Marcus Nispel and Daniel Pearl also deserve much respect for creating a very claustrophobic sensation, even in the scenes that take place in wide open fields, there is a sullen feeling of oppression that cannot be shaken.

As far as a bluray package is concerned, this Texas Chainsaw Massacre release is amazing!! A combination of a good movie, with great commentaries and relevant extras that don’t appear to be sales propaganda, that sets a standard for others to aspire to.

Score: *****

Format: The transfer for Texas Chainsaw Massacre is crisp and clear and sensational and is presented in a 2.35:1 image which is a real delight to behold. A choice of Dolby Digital 5.1 or DTS 5.1, and the subtleties of both are breath-taking. Every drop of water heard in the background feels like it is running down your back.

Score: *****

Extras: There’s an absolute cornucopia of extras on this disc:

Photo Gallery and Art Gallery have pre-production drawings of both Leatherface and the set design.

The Alternate Beginning and Ending have footage that was originally to book end the feature, with an interesting look into the future of one of the main characters.

Texas Chainsaw Massacre Redux documentary is a 1 hour 17 minute look at every aspect of the remaking process. Interviewing Nispel, Bay and others associated cast and crew, not to mention fan favorite and favorite fan Joe Bob Briggs, also looks at the origins of the original and the crowd reactions both before and after the first screening.

Ed Gein: The Ghoul of Plainfield is an informative, if not incomplete (they completely overlook the death of Ed’s brother in a forest fire and his grave digger assistant) 24 minute documentary about the ‘real Leatherface’ Ed Gein. Interviews with various historians and psychologists, this is not only an interesting look into the origins of Leatherface (and Norman Bates and Buffalo Bill), it is also a fascinating insight into the mind of serial killers.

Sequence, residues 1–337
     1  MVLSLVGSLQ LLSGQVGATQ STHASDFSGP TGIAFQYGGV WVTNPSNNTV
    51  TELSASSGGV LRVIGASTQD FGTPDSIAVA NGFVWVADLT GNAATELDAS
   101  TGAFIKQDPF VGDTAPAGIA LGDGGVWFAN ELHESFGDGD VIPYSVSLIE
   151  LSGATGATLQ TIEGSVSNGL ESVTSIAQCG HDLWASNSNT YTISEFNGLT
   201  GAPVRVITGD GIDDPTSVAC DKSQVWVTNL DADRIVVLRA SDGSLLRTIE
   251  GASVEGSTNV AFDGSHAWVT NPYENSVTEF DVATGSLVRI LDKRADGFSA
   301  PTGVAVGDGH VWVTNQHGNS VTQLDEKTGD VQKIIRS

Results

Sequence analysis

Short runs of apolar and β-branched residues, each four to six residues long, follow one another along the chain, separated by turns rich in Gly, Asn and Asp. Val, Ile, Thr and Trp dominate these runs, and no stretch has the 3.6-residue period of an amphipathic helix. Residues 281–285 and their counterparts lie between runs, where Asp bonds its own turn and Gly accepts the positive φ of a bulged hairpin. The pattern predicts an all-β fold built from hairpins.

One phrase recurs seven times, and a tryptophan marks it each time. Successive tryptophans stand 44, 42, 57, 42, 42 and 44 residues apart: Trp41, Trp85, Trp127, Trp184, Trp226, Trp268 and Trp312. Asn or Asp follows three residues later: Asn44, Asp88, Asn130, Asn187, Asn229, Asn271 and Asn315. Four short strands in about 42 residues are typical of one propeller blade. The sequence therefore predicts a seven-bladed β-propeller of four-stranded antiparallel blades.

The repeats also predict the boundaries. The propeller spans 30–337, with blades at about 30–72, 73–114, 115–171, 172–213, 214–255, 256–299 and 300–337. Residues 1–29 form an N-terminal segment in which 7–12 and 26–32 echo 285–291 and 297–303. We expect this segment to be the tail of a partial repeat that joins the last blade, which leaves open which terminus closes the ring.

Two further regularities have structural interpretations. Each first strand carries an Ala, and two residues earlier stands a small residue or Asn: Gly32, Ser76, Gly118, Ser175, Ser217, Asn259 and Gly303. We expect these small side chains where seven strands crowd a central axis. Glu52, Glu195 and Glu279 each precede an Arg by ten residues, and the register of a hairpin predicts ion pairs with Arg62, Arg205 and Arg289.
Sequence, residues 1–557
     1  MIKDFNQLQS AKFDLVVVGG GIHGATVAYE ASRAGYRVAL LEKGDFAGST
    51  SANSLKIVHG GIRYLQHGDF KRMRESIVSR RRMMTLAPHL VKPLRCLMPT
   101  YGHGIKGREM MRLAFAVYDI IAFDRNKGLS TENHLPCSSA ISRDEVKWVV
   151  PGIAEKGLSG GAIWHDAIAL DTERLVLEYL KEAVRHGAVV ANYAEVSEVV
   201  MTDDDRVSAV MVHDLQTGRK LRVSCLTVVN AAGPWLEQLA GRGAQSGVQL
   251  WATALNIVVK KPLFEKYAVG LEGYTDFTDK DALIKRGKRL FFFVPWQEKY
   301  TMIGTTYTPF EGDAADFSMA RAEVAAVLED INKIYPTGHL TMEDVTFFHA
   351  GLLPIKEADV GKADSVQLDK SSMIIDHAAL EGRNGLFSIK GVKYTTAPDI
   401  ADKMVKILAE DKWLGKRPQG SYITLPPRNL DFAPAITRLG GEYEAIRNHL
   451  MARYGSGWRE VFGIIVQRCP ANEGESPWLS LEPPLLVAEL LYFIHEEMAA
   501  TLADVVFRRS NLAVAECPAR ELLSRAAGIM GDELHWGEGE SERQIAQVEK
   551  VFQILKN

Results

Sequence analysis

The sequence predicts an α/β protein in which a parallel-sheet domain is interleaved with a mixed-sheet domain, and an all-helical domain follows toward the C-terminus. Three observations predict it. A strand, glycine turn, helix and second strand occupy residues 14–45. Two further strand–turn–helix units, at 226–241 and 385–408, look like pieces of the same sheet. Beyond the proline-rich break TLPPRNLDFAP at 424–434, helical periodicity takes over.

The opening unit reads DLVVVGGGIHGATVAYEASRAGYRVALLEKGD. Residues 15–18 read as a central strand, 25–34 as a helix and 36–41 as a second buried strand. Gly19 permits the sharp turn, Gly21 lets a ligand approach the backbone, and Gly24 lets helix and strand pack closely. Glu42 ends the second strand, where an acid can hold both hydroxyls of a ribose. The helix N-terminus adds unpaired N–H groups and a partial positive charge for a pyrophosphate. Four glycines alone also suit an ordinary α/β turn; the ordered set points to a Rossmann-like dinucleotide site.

Deleted Scenes are the usual gambit of alternate takes and additional scenes. I must say though, the alternate Morgan Death scene is very visceral.

Severed Parts has us take a deeper look at the deleted scenes and bookends and why they were deleted and trimmed for various reasons.

The Cast Screen Tests are the screen tests for Jessica Biel, Eric Balfour and Erica Leerhsen.

Art Gallery looks at some of the preproduction sketches for the film.

The theatrical Trailer is one of the best cut trailers I have ever seen, with Leatherface not seen until the very end and there is also a selection of TV spots.

The Music Video is a track by Motograter called Suffocate.

Finally, there are three of quite possibly the best and well organized commentaries I have ever heard. Every speaker states his or name before they speak, therefore removing and misunderstanding with regards to who is making what comment, although Marcus Nispel’s German accent makes it quite obvious when he speaks, and no-one talks over each other or interrupts each other. All are given a fair go with comments appropriate to the scene. Nispel has a voice on all three commentaries so occasionally he repeats himself, but from different points of view. There is a Production commentary where Nispel is accompanied by Producer Michael Bay and Executive Producers Brad Fuller and Andrew Form to discuss the foundation elements of the film: the casting, the locations and the general ideas behind the look and tone of the film. Nispel is joined on the Tech commentary by Daniel Pearl, Greg Blair, Scott Gallagher, Trevor Jolley and Steve Jablonsky to discuss everything from the score to the cinematic elements of the film. Finally, the Story commentary has Nispel along with Bay, Fuller and Form, scripter Scott Kosar and also cast members Jessica Biel, Eric Balfour, Mike Vogel, Jonathon Tucker, Erica Leerhsen and old Leatherface himself, Andrew Bryniarski, discussing character motivations and backgrounds.

Score: *****

WISIA: As you might be able to tell, I love this movie so it sure does get a re-spin quite regularly here at the To Watch Pile Mansion.